The white-painted steel structure in front of you is a sculpture representing the bow and stern of the six-mast schooner Wyoming, the largest wooden vessel built in the United States. The sculpture stands where the schooner was built in . . . — — Map (db m52033) HM
The white-painted steel structure in front of you is a sculpture representing the six-mast schooner Wyoming, the largest wooden vessel built in the United States. The sculpture stands where the schooner was built in 1909, but somewhat closer . . . — — Map (db m52038) HM
Known locally as "BIW" or "The Yard," Bath Iron Works has been building ships on the same site since 1890. Over 420 vessels have been built there, including cargo vessels, fishing vessels, yachts, tugs, barges, and naval vessels. Between 1984 and . . . — — Map (db m52032) HM
The Seth Thomas Clock Co. manufactured this timepiece in 1911 and only a few of their two-dial clocks remain. This clock retains its original mechanical operation.
In 1915, Fred Cox, owner of Hallet’s Drug Store, purchased the clock and moved it . . . — — Map (db m77085) HM
This marker has two plaques mounted on the same base
Family traditions built this city with blocks of charity.
The old city hall’s shortcomings had been obvious for years, but it took bequest of land and money by George Patten . . . — — Map (db m77084) HM
This marker has two plaques mounted on the same base The home of Kings once stood here.
In 1798 William King bought land in the new downtown, just starting on Shaw’s Point, and began to build a home close to the Kennebec River and . . . — — Map (db m77089) HM
In 1920, the Percy & Small shipyard did its last significant ship work. The steamer Winapie, built in New Hampshire during World War One, visited for conversion into a tank barge. The shipyard removed this three-compartment deckhouse, . . . — — Map (db m52056) HM
This major waterway, although in places still undeveloped, remains an important artery for water traffic. The river flows 164 miles from its source at Moosehead Lake to the Atlantic Ocean, 12 miles south of here at Popham. Kennebec is a Wabanaki . . . — — Map (db m52051) HM
Launching featured tradtion, ritual, spectators, and celebration. But it also brought technical challenge and danger to workers and vessel alike.
In preparation, a launching crew built a pair of sliding (or launching) ways beneath the . . . — — Map (db m52059) HM
This sturdy industrial building housed a sawmill for cutting and shaping ship timbers and planks, and a joiner shop for the finer woodworking that went into vessels' cabins, deckhouses, railings, and interiors.
In 1909, the shed addition on . . . — — Map (db m52084) HM
William T. Donnell married Henry P. Hitchcock's daughter Clara in 1860, and bought this house and shipyard from Clara's mother in 1869. The proximity of residence to workplace was unusual. From this house, W. T. Donnell overlooked his shipyard, . . . — — Map (db m52082) HM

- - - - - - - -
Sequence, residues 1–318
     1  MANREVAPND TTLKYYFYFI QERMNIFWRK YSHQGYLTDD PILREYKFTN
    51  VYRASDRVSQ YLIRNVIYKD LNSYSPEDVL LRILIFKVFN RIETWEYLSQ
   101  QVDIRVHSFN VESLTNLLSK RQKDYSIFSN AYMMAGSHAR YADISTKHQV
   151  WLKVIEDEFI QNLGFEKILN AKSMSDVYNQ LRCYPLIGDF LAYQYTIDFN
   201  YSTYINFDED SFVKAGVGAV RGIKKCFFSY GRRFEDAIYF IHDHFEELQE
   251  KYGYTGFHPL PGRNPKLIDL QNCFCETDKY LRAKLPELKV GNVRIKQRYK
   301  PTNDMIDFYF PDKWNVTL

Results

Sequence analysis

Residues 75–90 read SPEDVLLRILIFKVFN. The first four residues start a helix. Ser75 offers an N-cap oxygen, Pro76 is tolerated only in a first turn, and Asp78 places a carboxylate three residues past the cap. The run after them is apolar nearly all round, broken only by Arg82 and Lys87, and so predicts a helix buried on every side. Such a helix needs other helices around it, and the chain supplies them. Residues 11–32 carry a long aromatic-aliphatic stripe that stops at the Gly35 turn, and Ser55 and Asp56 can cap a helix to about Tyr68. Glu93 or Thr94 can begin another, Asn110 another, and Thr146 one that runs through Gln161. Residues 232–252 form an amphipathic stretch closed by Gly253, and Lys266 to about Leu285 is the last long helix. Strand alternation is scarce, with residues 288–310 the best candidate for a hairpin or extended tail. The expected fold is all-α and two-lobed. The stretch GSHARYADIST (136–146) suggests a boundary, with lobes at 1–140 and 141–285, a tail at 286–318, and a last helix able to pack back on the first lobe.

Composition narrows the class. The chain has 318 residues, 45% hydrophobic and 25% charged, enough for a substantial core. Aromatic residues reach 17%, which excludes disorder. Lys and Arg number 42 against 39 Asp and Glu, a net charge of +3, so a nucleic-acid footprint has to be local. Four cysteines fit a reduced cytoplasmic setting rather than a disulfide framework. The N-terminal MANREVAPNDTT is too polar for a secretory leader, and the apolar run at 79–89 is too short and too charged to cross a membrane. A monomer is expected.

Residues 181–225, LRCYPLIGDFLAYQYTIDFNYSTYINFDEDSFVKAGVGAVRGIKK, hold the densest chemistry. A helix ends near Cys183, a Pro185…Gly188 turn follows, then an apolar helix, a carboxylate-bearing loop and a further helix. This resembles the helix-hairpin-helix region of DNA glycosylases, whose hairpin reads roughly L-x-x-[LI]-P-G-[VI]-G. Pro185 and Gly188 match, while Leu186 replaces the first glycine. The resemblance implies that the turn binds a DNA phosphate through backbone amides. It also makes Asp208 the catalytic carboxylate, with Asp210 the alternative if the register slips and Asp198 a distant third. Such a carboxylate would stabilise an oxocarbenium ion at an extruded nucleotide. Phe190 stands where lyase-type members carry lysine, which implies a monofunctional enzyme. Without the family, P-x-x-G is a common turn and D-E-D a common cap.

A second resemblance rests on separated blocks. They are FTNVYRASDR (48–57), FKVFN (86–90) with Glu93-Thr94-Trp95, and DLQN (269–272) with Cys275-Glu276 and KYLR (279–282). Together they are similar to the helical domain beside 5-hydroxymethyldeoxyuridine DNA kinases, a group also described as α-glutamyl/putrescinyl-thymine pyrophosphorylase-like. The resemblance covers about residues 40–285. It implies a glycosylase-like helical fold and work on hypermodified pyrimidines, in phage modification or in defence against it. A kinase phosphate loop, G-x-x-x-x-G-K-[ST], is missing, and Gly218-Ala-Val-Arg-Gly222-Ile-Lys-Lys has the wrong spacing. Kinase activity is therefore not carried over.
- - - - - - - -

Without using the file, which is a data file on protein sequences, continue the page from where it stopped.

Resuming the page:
The blacksmith shop was the first building constructed by Percy & Small after they purchased the old Blaisdell shipyard site from William Donnell in 1896. It was furnished with forges, bellows, and anvils for fabricating large quantities of . . . — — Map (db m52095) HM
Two building slips, or ways, were important features of the shipyard. The North Ways were prepared as a second building slip, on land purchased in a 1901 expansion. They measured at least 350' long by 50' wide - the largest wooden shipbuilding . . . — — Map (db m52053) HM
A good shipbuilding site has a natural 4° to 12° slope down to deep water.
Using this grade, building slips (ways) were constructed on cleared and graded areas. These were wooden foundations to accommodate the hull under construction and the . . . — — Map (db m52036) HM
This workshop was built in 1899 for Charles Oliver and his caulking gang. Here they stored their tools and some of the miles of oakum and cotton yard needed to make vessels' seams watertight. From the steps, Mr. Oliver could keep an eagle eye on . . . — — Map (db m52031) HM
At the fitting-out pier new vessels received their equipment and finishing work. This pier had a ramp built into its southern side, to land the large timbers and spars that were floated down the river from the railroad yards.
The original 1898 . . . — — Map (db m52048) HM
Design is the first step in shipbuilding, and it took place in a mould loft. Skilled modelers shaped the schooner's hull in miniature by carving a half-model. They scaled the model's lines full-size on the loft floor, then transferred these lines . . . — — Map (db m51988) HM
Caulkers used huge quantities of pitch to pay (or seal) the vessels' deck seams. In the kettles set into this freestanding brick oven, they melted crystallized pine resin over scrap-wood fires, which they carried in buckets to the decks of the . . . — — Map (db m52007) HM
The Percy & Small shipyard was electrified from its establishment in 1896. In 1909, the Sagadahoc Power & Light Company began delivering higher-voltage power to the shipyard on a separate industrial line. The transformer stepped down the voltage . . . — — Map (db m52083) HM